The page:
"On a day-to-day basis, it's not unusual for a patient to say they don't remember the dosage of a medication or they can't remember when they had a tetanus shot," Horng told Computerworld. Without a system like Google Glass, he said, "that means we have to leave the room and look up the information when we'd really rather just keep talking to the patient and keep that conversation going. Even if there's a computer in the room, you have to turn on the computer and log in. It takes time and you often have to turn away from the patient."

For BIDMC, Google Glass is a way to better patient care, and physicians at other hospitals are interested in trying the digitized eyewear. Halamka said he receives about 20 requests a day from other healthcare organizations looking for information about BIDMC's Google Glass program.

One other healthcare provider that's using Google Glass is the UC Irvine Medical Center in Orange, Calif. Surgical teams there are using Google Glass and customized apps for live streaming of audio and video to help doctors supervise surgical residents.

Dr. John Halamka, CIO for Beth Israel Deaconess Medical Center in Boston, chats with Computerworld's Tracy Mayor about how the hospital's emergency room doctors are using Google Glass to provide better patient care.

UC Irvine doctors also are considering a program where nurses could visit patients in their homes and use Glass to enable doctors in the hospital to see the patients and get the nurse's real-time observations, according to an article in the Orange County Register.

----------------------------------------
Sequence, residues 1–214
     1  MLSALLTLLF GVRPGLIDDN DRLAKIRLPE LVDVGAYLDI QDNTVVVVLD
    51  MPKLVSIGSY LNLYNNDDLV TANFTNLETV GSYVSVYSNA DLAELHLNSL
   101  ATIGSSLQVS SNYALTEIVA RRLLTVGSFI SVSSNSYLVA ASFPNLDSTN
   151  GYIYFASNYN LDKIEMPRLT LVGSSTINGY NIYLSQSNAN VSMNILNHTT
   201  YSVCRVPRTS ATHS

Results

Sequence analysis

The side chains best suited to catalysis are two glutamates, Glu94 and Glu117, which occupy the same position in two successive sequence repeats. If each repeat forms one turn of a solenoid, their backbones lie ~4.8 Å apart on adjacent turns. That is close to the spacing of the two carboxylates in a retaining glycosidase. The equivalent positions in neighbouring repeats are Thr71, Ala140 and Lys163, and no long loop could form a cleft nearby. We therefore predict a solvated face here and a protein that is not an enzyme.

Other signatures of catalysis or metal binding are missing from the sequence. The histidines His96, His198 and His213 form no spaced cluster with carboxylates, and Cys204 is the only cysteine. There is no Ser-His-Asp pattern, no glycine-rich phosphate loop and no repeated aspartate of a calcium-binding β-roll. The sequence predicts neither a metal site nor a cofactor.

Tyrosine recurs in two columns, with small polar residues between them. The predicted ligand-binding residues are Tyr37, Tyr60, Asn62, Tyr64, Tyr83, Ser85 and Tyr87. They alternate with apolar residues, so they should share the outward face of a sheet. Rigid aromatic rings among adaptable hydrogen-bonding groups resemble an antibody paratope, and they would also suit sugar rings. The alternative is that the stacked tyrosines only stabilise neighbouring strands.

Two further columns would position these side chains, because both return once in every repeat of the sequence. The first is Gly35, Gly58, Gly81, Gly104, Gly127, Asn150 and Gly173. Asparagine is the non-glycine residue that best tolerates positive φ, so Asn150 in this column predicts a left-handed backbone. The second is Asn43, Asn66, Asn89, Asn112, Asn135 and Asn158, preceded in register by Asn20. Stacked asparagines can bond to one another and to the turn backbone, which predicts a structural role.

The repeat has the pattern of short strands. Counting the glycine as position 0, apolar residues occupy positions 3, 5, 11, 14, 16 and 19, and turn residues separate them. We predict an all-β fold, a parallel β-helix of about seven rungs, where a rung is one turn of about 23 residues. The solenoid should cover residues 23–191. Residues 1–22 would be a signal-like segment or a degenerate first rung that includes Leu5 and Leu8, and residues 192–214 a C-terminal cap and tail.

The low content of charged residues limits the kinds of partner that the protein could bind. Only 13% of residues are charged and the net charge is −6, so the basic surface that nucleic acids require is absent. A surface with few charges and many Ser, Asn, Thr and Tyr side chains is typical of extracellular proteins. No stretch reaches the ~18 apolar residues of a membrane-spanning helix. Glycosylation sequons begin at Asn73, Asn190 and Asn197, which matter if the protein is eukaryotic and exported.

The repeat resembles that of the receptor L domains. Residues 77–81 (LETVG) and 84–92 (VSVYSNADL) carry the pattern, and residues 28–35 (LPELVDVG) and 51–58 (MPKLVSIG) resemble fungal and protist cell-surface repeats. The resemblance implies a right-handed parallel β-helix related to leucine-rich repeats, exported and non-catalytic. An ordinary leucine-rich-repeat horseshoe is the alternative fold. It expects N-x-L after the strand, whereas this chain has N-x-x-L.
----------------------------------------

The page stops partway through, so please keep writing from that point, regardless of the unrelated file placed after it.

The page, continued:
Ryan Junee, co-founder of San Francisco-based Wearable Intelligence, which built the Android apps for BIDMC's Google Glass program, said the company is in talks with "many of the top hospitals in the U.S." about integrating its software with wearable systems. Junee wouldn't identify the hospitals Wearable Intelligence is talking to, nor would he say how many hospitals the company has been in contact with.

Wearable Intelligence was a key player not only in making Google Glass usable for the emergency room doctors at BIDMC, but also in making the technology compliant with hospital and federal privacy and security rules, such as HIPAA.

Halamka said most of the apps that come with Google Glass were removed from the device. For example, doctors are unable to use Glass to take photos or video because of concerns that the images could be shared in a way that would violate a patient's privacy. Physicians also can't use Glass to tweet or read email. Doctors primarily operate the devices by voice commands, but they can use touch capability as a backup.

BIDMC also made sure that patient information, such as medical records or medication lists, isn't stored locally on Glass systems. Such information is stored on the hospital's secure servers, and doctors can access it there.

For tighter security, Halamka and his team set up the Glass system so only specific doctors can use the technology -- and they can only use it inside the emergency room.